Popular Democracy in Japan: How Gender and Community are Changing Modern Electoral Politics by Sherry L. MartinPopular Democracy in Japan: How Gender and Community are Changing Modern Electoral Politics by Sherry L. Martin

Popular Democracy in Japan: How Gender and Community are Changing Modern Electoral Politics

bySherry L. Martin

Hardcover | February 21, 2011

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Popular Democracy in Japan examines a puzzle in Japanese politics: Why do Japanese women turn out to vote at rates higher than men? On the basis of in-depth fieldwork in various parts of the country, Sherry L. Martin argues that the exclusion of women from a full range of opportunities in public life provokes many of them to seek alternative outlets for self-expression. They have options that include a wide variety of study, hobby, and lifelong learning groups—a feature of Japanese civic life that the Ministry of Education encourages.

Women who participate in these alternative spaces for learning tend, Martin finds, to examine the political conditions that have pushed them there. Her research suggests that study group participation increases women's confidence in using various types of political participation (including voting) to pressure political elites for a more inclusive form of democracy. Considerable overlap between the narratives that emerge from women's groups and a survey of national public opinion identifies these groups as crucial sites for crafting and circulating public discourses about politics. Martin shows how the interplay between public opinion and institutional change has given rise to bottom-up changes in electoral politics that culminated in the 2009 Democratic Party of Japan victory in the House of Representatives election.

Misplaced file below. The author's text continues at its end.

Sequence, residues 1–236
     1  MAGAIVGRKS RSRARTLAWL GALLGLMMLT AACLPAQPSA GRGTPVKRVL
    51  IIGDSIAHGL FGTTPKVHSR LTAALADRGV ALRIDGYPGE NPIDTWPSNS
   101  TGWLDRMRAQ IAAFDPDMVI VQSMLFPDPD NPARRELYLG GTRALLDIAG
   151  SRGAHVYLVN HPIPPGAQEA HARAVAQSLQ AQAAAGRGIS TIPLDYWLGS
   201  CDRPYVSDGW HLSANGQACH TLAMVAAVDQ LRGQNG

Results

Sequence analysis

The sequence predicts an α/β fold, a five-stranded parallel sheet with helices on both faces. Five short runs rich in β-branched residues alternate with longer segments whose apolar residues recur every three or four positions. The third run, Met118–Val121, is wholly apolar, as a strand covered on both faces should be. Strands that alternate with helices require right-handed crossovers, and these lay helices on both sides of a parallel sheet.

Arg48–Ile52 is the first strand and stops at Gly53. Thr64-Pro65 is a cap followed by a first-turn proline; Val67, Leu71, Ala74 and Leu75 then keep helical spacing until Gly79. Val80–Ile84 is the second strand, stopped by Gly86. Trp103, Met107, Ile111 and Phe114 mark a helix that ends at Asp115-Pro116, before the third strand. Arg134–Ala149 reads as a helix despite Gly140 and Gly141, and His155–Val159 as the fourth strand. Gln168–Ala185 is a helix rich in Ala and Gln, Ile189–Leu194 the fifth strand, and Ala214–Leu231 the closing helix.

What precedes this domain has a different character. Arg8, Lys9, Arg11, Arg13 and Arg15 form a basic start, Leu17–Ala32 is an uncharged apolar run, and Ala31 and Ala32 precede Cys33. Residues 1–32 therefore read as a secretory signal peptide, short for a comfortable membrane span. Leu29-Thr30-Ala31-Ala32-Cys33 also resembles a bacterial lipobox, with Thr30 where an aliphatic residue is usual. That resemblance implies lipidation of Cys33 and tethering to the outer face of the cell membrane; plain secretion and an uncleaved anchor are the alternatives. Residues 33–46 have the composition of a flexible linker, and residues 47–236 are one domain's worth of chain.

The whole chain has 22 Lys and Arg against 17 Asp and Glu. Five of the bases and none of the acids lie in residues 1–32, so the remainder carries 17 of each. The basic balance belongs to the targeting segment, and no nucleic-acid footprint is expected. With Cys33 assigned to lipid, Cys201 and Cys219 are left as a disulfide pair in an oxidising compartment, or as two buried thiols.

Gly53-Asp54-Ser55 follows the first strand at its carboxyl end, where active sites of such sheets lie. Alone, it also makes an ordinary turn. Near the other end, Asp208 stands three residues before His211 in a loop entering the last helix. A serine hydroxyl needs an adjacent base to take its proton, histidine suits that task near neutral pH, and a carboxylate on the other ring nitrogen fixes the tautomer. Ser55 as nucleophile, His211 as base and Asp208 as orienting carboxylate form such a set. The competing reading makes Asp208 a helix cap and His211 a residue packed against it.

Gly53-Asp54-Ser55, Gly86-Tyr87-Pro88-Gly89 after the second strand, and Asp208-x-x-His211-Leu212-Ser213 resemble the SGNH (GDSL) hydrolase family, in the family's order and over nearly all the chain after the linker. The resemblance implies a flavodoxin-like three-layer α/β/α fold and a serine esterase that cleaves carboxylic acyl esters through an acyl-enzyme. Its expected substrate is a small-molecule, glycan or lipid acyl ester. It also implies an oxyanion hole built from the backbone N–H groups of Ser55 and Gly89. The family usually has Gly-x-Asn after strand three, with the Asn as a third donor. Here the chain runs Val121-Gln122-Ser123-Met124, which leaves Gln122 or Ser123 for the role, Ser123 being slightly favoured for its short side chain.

Sherry L. Martin is Associate Professor of Government and Feminist, Gender and Sexuality Studies at Cornell University. She is coeditor of Democratic Reform in Japan: Assessing the Impact.
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Title:Popular Democracy in Japan: How Gender and Community are Changing Modern Electoral PoliticsFormat:HardcoverDimensions:216 pages, 9 × 6 × 0.39 inPublished:February 21, 2011Publisher:CORNELL UNIVERSITY PRESSLanguage:English

The following ISBNs are associated with this title:

ISBN - 10:0801449170

ISBN - 13:9780801449178

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Table of Contents

Introduction: Why Don't They Stay Home?
1. The Political Distance between Citizens and Elites
2. New Styles of Political Leadership and Community Mobilization
3. National Attitudes and Local Action: Changing the Center from the Periphery
4. Politically Excluded "Commoners": A Gendered Pathway to Participation
5. Gender and "Communities of Practice": Escaping the Regulatory Boundaries of Formal Education
Conclusion: Engendering Knowledge and Political Action

References
Index

Editorial Reviews

"By analyzing Japan's 'floating voters' who refuse to attach themselves to any political party, with a particular focus on a subgroup of female floating voters who have been especially alienated, Sherry L. Martin helps us understand the electoral currents that swept the Democratic Party of Japan into power in 2009—while also shedding light on the forces that are changing the ways in which women participate in politics in that country."—Leonard J. Schoppa, University of Virginia, author of Race for the Exits